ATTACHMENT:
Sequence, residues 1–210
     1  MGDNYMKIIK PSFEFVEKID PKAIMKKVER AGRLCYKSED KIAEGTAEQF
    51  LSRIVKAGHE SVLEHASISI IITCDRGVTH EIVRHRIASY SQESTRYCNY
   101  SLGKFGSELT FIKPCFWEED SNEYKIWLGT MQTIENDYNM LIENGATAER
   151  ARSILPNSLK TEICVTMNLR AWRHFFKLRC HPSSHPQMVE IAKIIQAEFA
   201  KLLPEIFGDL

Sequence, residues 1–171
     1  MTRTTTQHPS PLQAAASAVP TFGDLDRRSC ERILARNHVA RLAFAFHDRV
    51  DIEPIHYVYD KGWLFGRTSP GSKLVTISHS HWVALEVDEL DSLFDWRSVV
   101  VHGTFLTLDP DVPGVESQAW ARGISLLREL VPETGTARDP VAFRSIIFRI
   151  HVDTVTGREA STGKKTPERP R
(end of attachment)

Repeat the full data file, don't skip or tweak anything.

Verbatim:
Sequence, residues 1–210
     1  MGDNYMKIIK PSFEFVEKID PKAIMKKVER AGRLCYKSED KIAEGTAEQF
    51  LSRIVKAGHE SVLEHASISI IITCDRGVTH EIVRHRIASY SQESTRYCNY
   101  SLGKFGSELT FIKPCFWEED SNEYKIWLGT MQTIENDYNM LIENGATAER
   151  ARSILPNSLK TEICVTMNLR AWRHFFKLRC HPSSHPQMVE IAKIIQAEFA
   201  KLLPEIFGDL

Sequence, residues 1–171
     1  MTRTTTQHPS PLQAAASAVP TFGDLDRRSC ERILARNHVA RLAFAFHDRV
    51  DIEPIHYVYD KGWLFGRTSP GSKLVTISHS HWVALEVDEL DSLFDWRSVV
   101  VHGTFLTLDP DVPGVESQAW ARGISLLREL VPETGTARDP VAFRSIIFRI
   151  HVDTVTGREA STGKKTPERP R